Jump to content

  • Quick Navigation
Photo
- - - - -

Do Standards Improve Business ?


  • You cannot start a new topic
  • Please log in to reply
29 replies to this topic

#26 Franco

Franco

    Grade - PIFSQN

  • IFSQN Principal
  • 752 posts
  • 11 thanks
1
Neutral

  • Italy
    Italy

Posted 19 April 2005 - 07:57 AM

Hi Saferpakers,

just another couple of readings.

James Wilson Thesis

Does ISO 9000 certification pay ?

Rgds. Franco


Edited by Franco, 19 April 2005 - 07:58 AM.

  • 0
An ancient Chinese proverb teaches that the person who waits for a roast duck to fly into their mouth must wait a very long time.

#27 Simon

Simon

    Grade - FIFSQN

  • IFSQN Admin
  • 11,423 posts
  • 1043 thanks
227
Excellent

  • United Kingdom
    United Kingdom
  • Gender:Male
  • Location:Manchester
  • Interests:Life, Family, Running, Cycling, Manager of a Football Team, Work, Watching Sport, The Internet, Food, Real Ale and Sleeping...

Posted 19 April 2005 - 10:03 AM

Thanks for the interesting documents Franco :( - the day documents can be put onto a chip that you can download directly to your brain through a nose socket won't be a day too soon for me. :thumbup:

The best I can tell from quickly scanning the first document is that they can't tell if there is a direct / accurate / consistent correlation between ISO 9001 Certification, MBNQA etc. and increased profits. Too many other variables that impact I guess.

I wonder if Rover had ISO 9001 Certification?

The ISO document concludes (in the last paragraph):

'Altogether, this leads us to a seemingly contradictory conclusion: the decision to seek ISO 9000 certification did lead to substantial performance improvements, but is difficult to justify in advance using a traditional cost-benefit analysis, implying that it has to be based, to some extent, on faith.' :rolleyes:

Are you convinced?

Regards,
Simon


  • 0

Best Regards,

Simon Timperley
IFSQN Administrator
 
hand-pointing-down.gif

Need food safety advice?
Relax, you've come to the right place…

The IFSQN is a helpful network of volunteers providing answers and support. Check out the forums and get free advice from the experts on food safety management systems and a wide range of food safety topics.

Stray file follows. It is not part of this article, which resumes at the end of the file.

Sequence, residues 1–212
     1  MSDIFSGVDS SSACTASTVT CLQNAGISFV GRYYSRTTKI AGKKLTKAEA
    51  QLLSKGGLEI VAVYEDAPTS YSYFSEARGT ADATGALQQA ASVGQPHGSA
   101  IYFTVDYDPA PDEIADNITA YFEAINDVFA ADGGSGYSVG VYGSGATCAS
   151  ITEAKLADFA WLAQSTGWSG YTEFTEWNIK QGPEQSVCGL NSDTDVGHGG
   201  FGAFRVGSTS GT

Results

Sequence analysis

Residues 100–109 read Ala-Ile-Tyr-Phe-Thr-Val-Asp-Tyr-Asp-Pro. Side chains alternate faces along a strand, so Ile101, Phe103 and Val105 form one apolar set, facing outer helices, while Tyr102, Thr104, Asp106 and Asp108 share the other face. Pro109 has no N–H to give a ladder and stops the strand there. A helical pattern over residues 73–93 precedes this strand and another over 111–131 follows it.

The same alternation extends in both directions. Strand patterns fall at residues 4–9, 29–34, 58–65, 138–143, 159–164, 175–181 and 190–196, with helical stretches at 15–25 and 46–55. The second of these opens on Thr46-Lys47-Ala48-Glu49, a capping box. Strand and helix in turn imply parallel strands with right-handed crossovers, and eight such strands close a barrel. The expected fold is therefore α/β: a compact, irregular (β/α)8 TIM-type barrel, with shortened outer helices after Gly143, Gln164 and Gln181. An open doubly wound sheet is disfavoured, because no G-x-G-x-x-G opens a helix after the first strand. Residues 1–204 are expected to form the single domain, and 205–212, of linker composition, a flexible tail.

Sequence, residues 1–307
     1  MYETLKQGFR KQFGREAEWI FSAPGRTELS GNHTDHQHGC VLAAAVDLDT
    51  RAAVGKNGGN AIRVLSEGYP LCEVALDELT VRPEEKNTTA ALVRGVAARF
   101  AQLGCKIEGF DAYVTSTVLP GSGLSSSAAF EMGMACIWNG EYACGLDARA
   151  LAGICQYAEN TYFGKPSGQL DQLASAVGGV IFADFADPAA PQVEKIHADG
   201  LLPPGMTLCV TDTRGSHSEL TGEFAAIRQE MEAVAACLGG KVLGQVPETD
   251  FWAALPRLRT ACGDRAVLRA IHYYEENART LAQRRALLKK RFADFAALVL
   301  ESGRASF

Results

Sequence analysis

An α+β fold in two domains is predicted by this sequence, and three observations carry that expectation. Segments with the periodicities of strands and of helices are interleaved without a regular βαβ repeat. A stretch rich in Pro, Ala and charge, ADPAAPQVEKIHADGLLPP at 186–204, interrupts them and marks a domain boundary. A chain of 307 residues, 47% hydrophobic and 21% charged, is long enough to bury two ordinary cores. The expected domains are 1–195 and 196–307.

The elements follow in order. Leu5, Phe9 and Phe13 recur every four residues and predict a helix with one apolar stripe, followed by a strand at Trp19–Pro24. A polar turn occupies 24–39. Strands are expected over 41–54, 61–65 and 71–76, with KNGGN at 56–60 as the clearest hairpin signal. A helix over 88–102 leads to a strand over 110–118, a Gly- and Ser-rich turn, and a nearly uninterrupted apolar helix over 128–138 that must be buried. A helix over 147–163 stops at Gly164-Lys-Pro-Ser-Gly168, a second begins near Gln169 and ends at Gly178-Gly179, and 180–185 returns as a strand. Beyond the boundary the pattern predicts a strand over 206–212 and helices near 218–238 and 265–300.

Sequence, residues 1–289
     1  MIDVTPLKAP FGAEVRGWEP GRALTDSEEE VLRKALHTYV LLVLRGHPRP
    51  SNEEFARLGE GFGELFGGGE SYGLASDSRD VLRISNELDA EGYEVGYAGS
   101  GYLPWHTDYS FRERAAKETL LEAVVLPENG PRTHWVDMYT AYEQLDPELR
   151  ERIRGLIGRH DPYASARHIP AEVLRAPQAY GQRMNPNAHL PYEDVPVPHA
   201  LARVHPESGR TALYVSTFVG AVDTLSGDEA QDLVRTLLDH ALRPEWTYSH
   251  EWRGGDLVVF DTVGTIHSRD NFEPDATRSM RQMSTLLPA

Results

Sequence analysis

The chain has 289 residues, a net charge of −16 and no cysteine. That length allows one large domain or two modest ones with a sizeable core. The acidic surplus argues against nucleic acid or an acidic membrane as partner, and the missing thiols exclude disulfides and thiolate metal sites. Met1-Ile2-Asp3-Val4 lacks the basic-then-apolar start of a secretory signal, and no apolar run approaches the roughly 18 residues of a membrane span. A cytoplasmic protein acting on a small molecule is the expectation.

We could make a huge list of rules, terms and conditions, but you probably wouldn’t read them.

All that we ask is that you observe the following:


1. No spam, profanity, pornography, trolling or personal attacks

2. Topics and posts should be “on topic” and related to site content
3. No (unpaid) advertising
4. You may have one account on the board at any one time
5. Enjoy your stay!


#28 Franco

Franco

    Grade - PIFSQN

  • IFSQN Principal
  • 752 posts
  • 11 thanks
1
Neutral

  • Italy
    Italy

Posted 20 April 2005 - 01:47 PM

Are you convinced?


I am convinced that ISO 9001 is not a standard.
Neither I do believe in current audit practice, it's not objective since it's not based on statistics and the pass / fail result is a poor one with respect to the complexity of an organization.
Hence I conclude that classification into ISO-registered and ISO not-registred goes somehow on a random basis even if all these studies are based on the assumption that there's a clear cut.
Altough I very much appreciate the effort, the results are not reliable IMHO.
Performing the analysis on EFQM or MBQA companies could be much more significant, but there are few samples, so what else ? :uhm:

FAITH ;)
  • 0
An ancient Chinese proverb teaches that the person who waits for a roast duck to fly into their mouth must wait a very long time.

#29 Jim Wade

Jim Wade

    Grade - MIFSQN

  • IFSQN Member
  • 123 posts
  • 0 thanks
1
Neutral
  • Location:UK
  • Interests:All aspects of continual improvement

Posted 20 April 2005 - 11:44 PM

I am convinced that ISO 9001 is not a standard.


I agree, Franco.

When you apply a standard, the result is something which (given allowable variations) is the same as anything else to which you apply the standard.

In the case of management systems, we want each to be unique (to reflect the unique needs and aspirations of the organisation and its stakeholders). A standard for such things is undesirable and unhelpful.

ISO 9001 is not a standard. It's a model.

rgds Jim
  • 0

#30 Franco

Franco

    Grade - PIFSQN

  • IFSQN Principal
  • 752 posts
  • 11 thanks
1
Neutral

  • Italy
    Italy

Posted 21 April 2005 - 07:04 AM

ISO 9001 is not a standard. It's a model.


Hi Jim,
thank you for contributing to discussion. :beer:
Missed you for a while :(
Rgds. Franco
  • 0
An ancient Chinese proverb teaches that the person who waits for a roast duck to fly into their mouth must wait a very long time.




0 user(s) are reading this topic

0 members, 0 guests, 0 anonymous users